Cuarteto Casals has previously recorded the Ravel’s usual discmate—the String Quartet by Debussy—and paired it with Zemlinsky’s Quartet No. 2. Here, in an equally imaginative coupling, they link Ravel (who came from a Basque background) with two nationalistic Spanish composers. To underline the relationship, they have entitled this CD “Influencias,” and it is indeed possible to hear Ravel’s influence on the companion works, which were written approximately 20 years later, most notably in their impressionistic textures.
Eduard Toldrà was a renowned violinist and conductor, and himself the founder of a string quartet. His short suite of tone poems, Read more style="font-style:italic">Vistes al mar, takes its inspiration from three evocative verses about the sea, selected from a longer poem, The Weaver by Joan Maragall. Together these pieces, in a fast-slow-fast format, create a satisfyingly rounded work, albeit a brief one. The bustling activity described in the first poem is immediately captured in Toldrà’s ardent, tuneful music, while the gentler second piece is suffused with warmth. The finale bustles joyfully once again. In this recording, the poetry is recited prior to each of the vistes, presumably by a member of the Quartet, although the speaker’s name is nowhere to be found. This rather detracts from the cohesiveness of the work as a whole, but as the poems are on separate tracks they may be programmed out if so desired.
Turina’s Oración del torero of 1925 (sometimes translated as The Bullfighter’s Prayer) is a single movement in the form of a pasodoble. A comparatively popular work, it has been recorded many times, mainly in its guise for string orchestra. The Toldrà suite was also subsequently orchestrated by its composer, and has been recorded in that form. The only performance I have at hand is a rather rustic version with Gerard Claret conducting the Orquestra Nacional de Cambra d’Andorra on Nimbus, and I’m afraid the sharpness and sensitivity of Cuarteto Casals leave the larger forces for dead.
The Casals members constitute a remarkable quartet. (Personnel are: Abel Tomàs Realp, Vera Martinez Mehner, violins; Jonathan Brown, viola; Arnau Tomàs Realp, cello.) Abel’s violin is sweet and never dominates unduly, while Arnau produces a rich, honeyed cello tone. Most important, these four musicians play as one: dynamic shadings, subtle gradations of tempo, and thematic emphases are carefully worked out and superbly controlled. They are not afraid to dig into the strings, as in the raw-toned sections of the Turina (you can almost see the red earth beneath the toreador’s feet!), nor do they shy away from a heart-on-sleeve approach when that seems called for. They take the lovely coda of the first movement of Ravel’s Quartet much more broadly than the same melody’s previous statements—more broadly than I have ever heard it, in fact—but it works. Their spontaneous, moment-by-moment way with the Ravel pays dividends by making the last movement feel less episodic in comparison to the rest: a trait that some commentators, such as David Drew, regard as the work’s sole weakness.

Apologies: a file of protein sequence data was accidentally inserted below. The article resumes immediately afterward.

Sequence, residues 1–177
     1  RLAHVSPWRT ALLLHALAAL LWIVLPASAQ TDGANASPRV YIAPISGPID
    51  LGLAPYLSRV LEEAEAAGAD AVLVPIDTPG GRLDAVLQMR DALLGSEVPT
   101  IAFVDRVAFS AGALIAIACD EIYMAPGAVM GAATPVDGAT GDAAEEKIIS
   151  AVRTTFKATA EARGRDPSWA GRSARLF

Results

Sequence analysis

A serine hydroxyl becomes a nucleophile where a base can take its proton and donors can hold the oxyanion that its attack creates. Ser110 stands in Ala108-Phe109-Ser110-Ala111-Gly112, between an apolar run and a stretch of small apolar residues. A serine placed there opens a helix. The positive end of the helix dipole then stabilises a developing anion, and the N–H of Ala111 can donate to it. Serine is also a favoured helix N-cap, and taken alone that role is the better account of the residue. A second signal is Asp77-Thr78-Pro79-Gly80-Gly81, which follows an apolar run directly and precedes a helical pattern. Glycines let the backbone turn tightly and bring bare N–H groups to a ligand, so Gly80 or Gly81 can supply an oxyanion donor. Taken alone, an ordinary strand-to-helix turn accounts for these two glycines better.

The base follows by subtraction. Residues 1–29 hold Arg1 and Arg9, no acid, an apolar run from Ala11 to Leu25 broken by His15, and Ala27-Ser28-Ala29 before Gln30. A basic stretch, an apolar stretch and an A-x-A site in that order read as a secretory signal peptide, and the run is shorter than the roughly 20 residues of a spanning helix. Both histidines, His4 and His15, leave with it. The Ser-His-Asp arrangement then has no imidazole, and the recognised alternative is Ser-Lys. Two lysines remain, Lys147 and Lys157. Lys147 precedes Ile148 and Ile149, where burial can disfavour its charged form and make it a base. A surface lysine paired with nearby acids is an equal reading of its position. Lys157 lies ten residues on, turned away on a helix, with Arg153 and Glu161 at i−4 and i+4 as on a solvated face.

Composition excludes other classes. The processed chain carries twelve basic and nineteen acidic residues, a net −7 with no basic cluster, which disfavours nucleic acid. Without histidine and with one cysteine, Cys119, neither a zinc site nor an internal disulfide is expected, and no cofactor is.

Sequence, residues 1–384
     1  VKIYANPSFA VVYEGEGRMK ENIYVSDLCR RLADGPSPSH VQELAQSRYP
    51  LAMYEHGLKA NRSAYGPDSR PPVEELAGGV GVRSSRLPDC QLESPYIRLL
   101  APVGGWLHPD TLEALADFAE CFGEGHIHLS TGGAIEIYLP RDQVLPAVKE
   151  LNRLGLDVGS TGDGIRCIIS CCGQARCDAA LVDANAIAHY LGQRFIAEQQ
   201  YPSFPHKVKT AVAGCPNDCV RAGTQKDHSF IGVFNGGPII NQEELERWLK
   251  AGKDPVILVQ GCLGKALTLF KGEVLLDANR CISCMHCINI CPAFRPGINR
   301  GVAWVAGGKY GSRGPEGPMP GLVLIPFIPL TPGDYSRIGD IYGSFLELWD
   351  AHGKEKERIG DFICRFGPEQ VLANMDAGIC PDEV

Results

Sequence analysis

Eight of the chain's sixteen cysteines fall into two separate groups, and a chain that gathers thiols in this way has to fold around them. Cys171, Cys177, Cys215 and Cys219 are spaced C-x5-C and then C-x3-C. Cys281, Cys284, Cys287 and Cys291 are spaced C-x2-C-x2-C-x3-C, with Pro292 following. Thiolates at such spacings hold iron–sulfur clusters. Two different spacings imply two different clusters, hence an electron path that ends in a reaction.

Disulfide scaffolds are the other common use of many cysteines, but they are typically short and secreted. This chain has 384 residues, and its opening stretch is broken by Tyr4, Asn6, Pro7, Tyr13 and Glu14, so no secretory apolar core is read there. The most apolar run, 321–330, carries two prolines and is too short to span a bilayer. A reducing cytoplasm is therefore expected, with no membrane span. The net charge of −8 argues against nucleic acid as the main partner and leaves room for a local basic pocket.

As far as comparisons are concerned, there is (of course) no other disc with this particular coupling. Two recent recordings of the Ravel have garnered high praise in these pages: the Leipzig Quartet, interestingly coupled with quartets by Tailleferre and Milhaud, and the Belcea Quartet, who pair it with the Debussy and Ainsi la nuit by Dutilleux. I don’t know those versions, but the Belcea Quartet is a skilled, highly responsive group, to judge from their other recordings. A strong and tonally rich performance may be found on an EMI “Great Recordings of the Century” issue featuring the Alban Berg Quartet—the Scherzo is especially forceful—coupled with a fine Debussy and idiomatic readings of Stravinsky’s string quartet oeuvre. Although I am fond of an old DG recording by the Melos Quartet, its interpretation is by no means as detailed or as pliable as that of the Casals; the mellow Melos is more at home with Debussy.